Brad Wright Brad Wright - 1 year ago 61
Python Question

Explain Python entry points?

I've read the documentation on egg entry points in Pylons and on the Peak pages, and I still don't really understand. Could someone explain them to me?

Answer Source

An "entry point" is typically a function (or other callable function-like object) that a developer or user of your Python package might want to use, though a non-callable object can be supplied as an entry point as well (as correctly pointed out in the comments!).

The most popular kind of entry point is the "console_script" entry point, which points to a function that you want made available as a command-line tool to whoever installs your package. This goes into your like:

    'console_scripts': [
        'cursive =',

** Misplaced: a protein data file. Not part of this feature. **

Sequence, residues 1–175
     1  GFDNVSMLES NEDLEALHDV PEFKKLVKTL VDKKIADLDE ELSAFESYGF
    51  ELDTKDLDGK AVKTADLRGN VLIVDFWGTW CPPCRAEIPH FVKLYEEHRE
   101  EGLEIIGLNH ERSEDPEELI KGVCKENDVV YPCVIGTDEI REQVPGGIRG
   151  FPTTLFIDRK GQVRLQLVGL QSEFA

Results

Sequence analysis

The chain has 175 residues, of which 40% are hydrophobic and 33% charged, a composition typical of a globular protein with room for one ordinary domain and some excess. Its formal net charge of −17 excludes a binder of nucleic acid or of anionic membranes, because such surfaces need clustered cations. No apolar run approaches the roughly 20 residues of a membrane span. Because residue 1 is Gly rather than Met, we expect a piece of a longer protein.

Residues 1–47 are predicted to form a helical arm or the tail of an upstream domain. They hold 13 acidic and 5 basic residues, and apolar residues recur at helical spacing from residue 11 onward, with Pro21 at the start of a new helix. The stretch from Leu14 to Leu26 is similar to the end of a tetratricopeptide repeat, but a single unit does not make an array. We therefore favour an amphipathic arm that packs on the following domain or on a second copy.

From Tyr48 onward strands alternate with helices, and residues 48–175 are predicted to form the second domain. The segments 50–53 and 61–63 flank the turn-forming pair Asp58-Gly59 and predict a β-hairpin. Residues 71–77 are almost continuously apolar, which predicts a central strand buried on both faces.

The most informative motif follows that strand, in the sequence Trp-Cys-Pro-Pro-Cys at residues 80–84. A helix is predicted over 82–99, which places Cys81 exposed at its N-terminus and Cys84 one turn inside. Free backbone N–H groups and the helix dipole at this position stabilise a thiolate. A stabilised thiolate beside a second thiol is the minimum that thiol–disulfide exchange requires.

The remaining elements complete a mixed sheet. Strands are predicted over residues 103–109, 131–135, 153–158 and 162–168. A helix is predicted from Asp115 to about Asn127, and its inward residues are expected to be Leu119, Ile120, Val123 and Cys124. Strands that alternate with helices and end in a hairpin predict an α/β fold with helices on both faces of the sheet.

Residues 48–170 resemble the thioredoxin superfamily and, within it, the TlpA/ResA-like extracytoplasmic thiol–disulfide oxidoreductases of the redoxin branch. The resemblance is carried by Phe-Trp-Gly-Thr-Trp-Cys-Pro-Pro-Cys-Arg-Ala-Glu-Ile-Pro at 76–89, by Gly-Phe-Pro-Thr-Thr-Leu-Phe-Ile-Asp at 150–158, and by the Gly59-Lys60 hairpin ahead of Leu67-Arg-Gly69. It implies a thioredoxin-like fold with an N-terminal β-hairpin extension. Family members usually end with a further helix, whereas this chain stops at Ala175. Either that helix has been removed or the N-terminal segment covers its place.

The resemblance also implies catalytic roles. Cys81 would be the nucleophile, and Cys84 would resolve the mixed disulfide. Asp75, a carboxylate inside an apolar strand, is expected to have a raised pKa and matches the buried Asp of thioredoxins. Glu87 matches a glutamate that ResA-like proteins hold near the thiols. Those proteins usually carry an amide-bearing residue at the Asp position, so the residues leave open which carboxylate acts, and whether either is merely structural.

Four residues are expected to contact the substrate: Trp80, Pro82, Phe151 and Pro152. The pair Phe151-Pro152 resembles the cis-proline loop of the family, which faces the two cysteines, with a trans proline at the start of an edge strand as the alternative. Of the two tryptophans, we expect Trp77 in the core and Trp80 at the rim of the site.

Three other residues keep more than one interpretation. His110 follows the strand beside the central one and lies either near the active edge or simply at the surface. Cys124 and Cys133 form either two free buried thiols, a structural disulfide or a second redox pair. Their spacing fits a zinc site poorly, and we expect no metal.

I have a package I've just deployed called "", and I wanted it to make available a "cursive" command that someone could run from the command line, like:

$ cursive --help
usage: cursive ...

The way to do this is define a function, like maybe a "cursive_command" function in cursive/tools/ that looks like:

def cursive_command():
    args = sys.argv[1:]
    if len(args) < 1:
        print "usage: ..."

and so forth; it should assume that it's been called from the command line, parse the arguments that the user has provided, and ... well, do whatever the command is designed to do.

Install the docutils package for a great example of entry-point use: it will install something like a half-dozen useful commands for converting Python documentation to other formats.

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